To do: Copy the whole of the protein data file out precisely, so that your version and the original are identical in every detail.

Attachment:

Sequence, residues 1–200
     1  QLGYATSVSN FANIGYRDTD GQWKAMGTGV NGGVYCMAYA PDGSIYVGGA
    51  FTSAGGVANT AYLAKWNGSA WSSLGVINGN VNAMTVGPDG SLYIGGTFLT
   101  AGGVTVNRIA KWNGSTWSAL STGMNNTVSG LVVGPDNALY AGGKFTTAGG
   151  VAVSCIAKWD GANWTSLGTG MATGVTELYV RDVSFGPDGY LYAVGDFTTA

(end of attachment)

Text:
Sequence, residues 1–200
     1  QLGYATSVSN FANIGYRDTD GQWKAMGTGV NGGVYCMAYA PDGSIYVGGA
    51  FTSAGGVANT AYLAKWNGSA WSSLGVINGN VNAMTVGPDG SLYIGGTFLT
   101  AGGVTVNRIA KWNGSTWSAL STGMNNTVSG LVVGPDNALY AGGKFTTAGG
   151  VAVSCIAKWD GANWTSLGTG MATGVTELYV RDVSFGPDGY LYAVGDFTTA